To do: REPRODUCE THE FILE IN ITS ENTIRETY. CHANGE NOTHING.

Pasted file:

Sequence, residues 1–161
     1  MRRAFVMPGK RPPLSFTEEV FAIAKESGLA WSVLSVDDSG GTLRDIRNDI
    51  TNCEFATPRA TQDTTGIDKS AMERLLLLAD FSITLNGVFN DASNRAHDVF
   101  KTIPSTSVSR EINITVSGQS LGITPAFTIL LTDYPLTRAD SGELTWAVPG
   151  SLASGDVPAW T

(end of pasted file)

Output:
Sequence, residues 1–161
     1  MRRAFVMPGK RPPLSFTEEV FAIAKESGLA WSVLSVDDSG GTLRDIRNDI
    51  TNCEFATPRA TQDTTGIDKS AMERLLLLAD FSITLNGVFN DASNRAHDVF
   101  KTIPSTSVSR EINITVSGQS LGITPAFTIL LTDYPLTRAD SGELTWAVPG
   151  SLASGDVPAW T